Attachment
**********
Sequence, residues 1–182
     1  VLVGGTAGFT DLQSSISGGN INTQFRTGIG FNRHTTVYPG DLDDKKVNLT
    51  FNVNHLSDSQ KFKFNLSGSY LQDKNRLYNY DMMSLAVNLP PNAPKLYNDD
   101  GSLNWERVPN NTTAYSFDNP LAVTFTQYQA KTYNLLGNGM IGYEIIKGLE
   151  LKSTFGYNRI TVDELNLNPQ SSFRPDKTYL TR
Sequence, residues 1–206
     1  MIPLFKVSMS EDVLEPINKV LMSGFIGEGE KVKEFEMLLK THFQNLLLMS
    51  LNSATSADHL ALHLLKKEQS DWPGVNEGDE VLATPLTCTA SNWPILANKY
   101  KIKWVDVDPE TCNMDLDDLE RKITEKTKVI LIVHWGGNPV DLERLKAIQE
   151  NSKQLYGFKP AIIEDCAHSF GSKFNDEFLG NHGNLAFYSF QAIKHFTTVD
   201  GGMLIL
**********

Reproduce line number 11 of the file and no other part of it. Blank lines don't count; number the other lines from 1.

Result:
   201  GGMLIL